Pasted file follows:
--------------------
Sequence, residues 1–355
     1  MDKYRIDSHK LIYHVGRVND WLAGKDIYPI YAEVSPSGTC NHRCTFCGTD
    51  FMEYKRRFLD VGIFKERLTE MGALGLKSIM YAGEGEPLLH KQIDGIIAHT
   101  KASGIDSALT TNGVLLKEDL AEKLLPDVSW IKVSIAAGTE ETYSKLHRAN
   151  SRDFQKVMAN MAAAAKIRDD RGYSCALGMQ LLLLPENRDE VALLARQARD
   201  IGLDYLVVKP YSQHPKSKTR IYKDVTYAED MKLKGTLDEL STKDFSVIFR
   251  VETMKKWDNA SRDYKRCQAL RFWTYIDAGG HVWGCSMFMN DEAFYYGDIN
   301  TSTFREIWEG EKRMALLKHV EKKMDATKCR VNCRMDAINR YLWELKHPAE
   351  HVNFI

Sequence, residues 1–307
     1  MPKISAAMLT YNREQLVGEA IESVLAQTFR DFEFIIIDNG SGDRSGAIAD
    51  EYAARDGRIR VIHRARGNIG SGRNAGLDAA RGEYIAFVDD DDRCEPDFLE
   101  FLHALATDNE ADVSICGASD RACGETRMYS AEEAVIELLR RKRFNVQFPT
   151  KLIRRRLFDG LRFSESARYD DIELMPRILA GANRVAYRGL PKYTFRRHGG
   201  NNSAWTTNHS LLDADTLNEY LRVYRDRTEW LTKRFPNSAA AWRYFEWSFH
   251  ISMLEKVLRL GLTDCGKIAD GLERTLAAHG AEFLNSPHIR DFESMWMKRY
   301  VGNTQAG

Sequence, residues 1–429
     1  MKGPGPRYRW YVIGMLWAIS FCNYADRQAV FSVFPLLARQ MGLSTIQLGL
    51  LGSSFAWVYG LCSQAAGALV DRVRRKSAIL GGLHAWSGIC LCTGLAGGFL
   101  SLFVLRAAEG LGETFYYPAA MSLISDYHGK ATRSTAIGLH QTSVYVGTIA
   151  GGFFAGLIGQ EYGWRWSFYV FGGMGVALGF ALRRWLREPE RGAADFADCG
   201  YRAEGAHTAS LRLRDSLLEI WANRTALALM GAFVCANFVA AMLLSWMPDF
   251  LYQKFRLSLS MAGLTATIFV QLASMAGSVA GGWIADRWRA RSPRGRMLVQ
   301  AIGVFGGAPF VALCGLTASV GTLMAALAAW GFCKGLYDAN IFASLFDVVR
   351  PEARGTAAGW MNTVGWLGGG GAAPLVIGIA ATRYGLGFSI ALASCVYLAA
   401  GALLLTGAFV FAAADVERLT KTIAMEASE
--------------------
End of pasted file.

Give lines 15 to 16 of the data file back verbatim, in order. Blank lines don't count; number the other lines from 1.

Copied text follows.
   201  NNSAWTTNHS LLDADTLNEY LRVYRDRTEW LTKRFPNSAA AWRYFEWSFH
   251  ISMLEKVLRL GLTDCGKIAD GLERTLAAHG AEFLNSPHIR DFESMWMKRY